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Inhalation Absorption

After inhalation, the deposition of particles in the various regions of the respiratory tract depends on the particle size distribution of the aerosols (MMAD, GSD) as well as on other characteristics of the particles. The absorption of nickel from the respiratory tract into the blood stream depends on the solubility of the nickel substance inhaled and the deposited and/or retained dose. Dosimetric models can estimate the fraction of the inhaled dose that will be deposited in each region.  The particles retained in the airways are removed by the mucociliary escalator and translocated into the gastrointestinal tract; particles deposited on the nose region are swallowed as well. Particles deposited in the pulmonary region can be cleared by dissolution or via macrophages. A 90-day inhalation study with Ni metal powder in rats (WIL Research Laboratories 2004), showed that nickel lung burdens increased with increasing exposure concentrations and so did the blood nickel levels indicating absorption of nickel from the retained nickel particles in the lungs.

To assess the extent of absorption of Ni after repeated inhalation of Ni metal powder it can be anticipated that after a 13-week exposure period the daily amount of nickel eliminated from the blood primarily via urine and faeces is equal to the amount absorbed. However since the retention T1/2 for Ni metal was estimated as 30-60 days it is not known whether a steady state was reached after 13 weeks. If this is not the case, the absorbed amount may be underestimated. After 13 weeks of exposure at 1 mg/m3 6h/d 5d/w a nickel level in blood of 16.7 ng Ni/ml is reached (average for males and female Wistar rat in the WIL Research Laboratories 2004 study). When the background level of the control groups (4.4 ng/ml) is subtracted, it can be estimated that the exposure resulted in an increase of 12.3 ng Ni/ml. IPCS (1991 has described a two-compartment model for the toxicokinetics of nickel in the Wistar rat. A total excretory clearance of 8.14 ml/h has been calculated (urinary clearance of 6.39 ml/h + faecal clearance of 1.28 + clearance into sink (body tissues)).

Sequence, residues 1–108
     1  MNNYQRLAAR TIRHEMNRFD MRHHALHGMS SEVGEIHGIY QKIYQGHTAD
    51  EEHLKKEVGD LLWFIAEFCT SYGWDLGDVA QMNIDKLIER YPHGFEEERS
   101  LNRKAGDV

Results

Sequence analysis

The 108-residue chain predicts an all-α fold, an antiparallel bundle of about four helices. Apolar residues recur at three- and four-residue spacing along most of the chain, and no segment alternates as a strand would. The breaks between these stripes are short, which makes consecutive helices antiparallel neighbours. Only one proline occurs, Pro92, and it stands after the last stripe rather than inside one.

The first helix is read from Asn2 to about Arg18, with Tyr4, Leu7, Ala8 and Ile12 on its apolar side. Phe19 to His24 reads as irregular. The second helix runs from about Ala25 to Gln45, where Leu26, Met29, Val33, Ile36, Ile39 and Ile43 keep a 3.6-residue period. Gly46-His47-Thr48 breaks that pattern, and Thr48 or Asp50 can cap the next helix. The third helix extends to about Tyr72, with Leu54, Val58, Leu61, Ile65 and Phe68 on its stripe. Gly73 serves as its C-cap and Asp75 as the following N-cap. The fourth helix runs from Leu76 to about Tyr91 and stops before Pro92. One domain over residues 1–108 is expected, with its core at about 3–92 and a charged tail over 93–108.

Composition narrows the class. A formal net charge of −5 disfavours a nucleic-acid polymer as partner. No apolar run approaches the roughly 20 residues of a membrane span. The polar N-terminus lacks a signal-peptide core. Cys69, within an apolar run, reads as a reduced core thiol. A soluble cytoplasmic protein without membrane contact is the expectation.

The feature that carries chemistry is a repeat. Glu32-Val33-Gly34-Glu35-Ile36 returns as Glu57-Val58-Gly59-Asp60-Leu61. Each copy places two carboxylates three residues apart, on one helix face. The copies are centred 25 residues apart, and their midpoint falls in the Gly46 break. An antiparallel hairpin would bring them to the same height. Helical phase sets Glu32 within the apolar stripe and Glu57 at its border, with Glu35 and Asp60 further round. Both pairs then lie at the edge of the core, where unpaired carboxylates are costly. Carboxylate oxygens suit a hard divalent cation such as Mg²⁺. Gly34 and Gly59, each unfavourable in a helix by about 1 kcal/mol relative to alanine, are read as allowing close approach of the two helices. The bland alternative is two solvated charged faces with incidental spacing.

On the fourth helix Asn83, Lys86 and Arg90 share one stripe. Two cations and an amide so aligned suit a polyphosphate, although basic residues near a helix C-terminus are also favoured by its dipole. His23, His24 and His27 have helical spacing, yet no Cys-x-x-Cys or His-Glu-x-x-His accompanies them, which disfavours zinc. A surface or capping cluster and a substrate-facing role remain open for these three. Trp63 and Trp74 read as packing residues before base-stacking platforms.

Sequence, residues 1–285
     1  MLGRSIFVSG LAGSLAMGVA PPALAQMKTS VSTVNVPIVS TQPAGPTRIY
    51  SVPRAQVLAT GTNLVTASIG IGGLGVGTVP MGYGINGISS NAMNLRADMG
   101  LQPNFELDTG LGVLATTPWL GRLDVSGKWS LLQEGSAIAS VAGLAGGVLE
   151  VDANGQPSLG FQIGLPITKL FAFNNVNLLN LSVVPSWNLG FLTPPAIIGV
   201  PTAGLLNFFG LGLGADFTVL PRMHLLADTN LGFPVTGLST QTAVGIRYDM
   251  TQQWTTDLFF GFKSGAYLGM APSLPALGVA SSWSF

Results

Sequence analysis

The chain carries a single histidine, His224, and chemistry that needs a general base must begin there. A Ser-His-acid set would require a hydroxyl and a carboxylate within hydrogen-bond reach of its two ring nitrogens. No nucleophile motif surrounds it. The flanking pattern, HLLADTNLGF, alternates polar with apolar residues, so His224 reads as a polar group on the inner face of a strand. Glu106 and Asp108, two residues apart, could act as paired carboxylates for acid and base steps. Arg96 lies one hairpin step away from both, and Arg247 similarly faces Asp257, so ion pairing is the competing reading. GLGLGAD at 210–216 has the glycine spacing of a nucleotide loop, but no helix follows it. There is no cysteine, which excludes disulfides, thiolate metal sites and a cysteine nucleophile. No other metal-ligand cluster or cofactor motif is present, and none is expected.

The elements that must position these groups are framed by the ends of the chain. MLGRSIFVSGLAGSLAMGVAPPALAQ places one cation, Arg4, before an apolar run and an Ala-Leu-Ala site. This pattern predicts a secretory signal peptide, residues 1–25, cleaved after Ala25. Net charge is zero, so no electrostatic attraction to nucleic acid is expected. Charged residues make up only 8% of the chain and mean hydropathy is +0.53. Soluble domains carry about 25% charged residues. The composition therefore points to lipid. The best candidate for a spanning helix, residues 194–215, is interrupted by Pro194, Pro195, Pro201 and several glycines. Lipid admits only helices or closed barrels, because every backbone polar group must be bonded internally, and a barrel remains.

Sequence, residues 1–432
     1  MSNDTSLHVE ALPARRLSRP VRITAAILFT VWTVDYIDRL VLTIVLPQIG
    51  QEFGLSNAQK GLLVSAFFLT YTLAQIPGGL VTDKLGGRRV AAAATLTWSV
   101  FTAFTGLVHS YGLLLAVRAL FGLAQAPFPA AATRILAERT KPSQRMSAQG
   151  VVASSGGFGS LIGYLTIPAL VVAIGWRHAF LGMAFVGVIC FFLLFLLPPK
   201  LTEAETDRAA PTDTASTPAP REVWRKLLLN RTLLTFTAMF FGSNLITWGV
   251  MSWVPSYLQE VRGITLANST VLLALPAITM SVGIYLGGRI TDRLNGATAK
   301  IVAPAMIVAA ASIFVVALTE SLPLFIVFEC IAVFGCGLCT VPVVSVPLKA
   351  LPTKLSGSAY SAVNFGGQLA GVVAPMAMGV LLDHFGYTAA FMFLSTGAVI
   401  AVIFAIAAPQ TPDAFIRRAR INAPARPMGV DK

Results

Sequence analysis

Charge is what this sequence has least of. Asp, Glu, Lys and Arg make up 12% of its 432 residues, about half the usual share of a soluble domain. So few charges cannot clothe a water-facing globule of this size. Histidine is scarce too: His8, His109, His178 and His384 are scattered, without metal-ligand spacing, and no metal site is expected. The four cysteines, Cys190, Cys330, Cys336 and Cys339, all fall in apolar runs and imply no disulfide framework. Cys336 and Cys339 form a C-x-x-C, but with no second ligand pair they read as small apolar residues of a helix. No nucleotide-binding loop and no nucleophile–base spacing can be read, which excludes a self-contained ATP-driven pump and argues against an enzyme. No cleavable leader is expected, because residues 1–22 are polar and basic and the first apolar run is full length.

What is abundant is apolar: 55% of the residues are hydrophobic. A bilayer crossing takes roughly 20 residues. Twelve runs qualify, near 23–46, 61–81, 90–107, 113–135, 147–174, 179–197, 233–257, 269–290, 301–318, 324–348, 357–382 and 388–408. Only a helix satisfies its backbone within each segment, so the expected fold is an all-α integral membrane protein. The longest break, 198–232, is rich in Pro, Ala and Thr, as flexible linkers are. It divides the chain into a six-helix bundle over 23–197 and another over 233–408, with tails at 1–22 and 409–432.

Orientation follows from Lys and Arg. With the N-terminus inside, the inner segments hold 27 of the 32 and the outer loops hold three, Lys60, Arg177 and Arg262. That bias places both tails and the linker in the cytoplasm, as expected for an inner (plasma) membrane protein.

Using this model, together with a blood level of 12.3 ng/ml and a daily clearance of 8.14 ml/h the daily absorbed amount can be estimated (12.3 ng/ml x 8.14 ml/h x 24 h = 2403 ng/d or 0.0024 mg/d). With an average rat body weight of 208 g (corresponding to the clearance value) this corresponds to an absorbed (and eliminated) dose of 0.0116 mg/kg/d.

This internal dose can be compared to the external exposure at 1 mg/m3. During the 13-week exposure period a rat inhaling 0.22 m3 per day will be subjected to an average daily exposure of:  1mg/m3 x 0.22 m3/d x 6h/24 h x 5d//7d / 0.208 kg bw = 0.189 mg/kg bw/d. Thus 0.0116 mg/kg bw/d x100/ 0.189 mg/kg bw/d = 6.1 % or approximately 6% of the inhaled dose is absorbed. Although a steady state with respect to nickel lung burden and nickel blood level may not have been reached, the calculated absorption figure represents a rough upper estimate of inhalation absorption as additional oral exposure to deposited nickel particles in the fur by grooming occurs. This may influence the absorbed amount of nickel although the gastrointestinal absorption is very low (~0.1%).

For the purpose of risk characterisation, a value of 6% is taken forward as the absorbed fraction of nickel from the respiratory tract following inhalation exposure to nickel metal powder (respirable size) in rats. Data on the bioaccessibility of Ni metal in biological fluids can be found in Section 7.1.1 of the IUCLID file.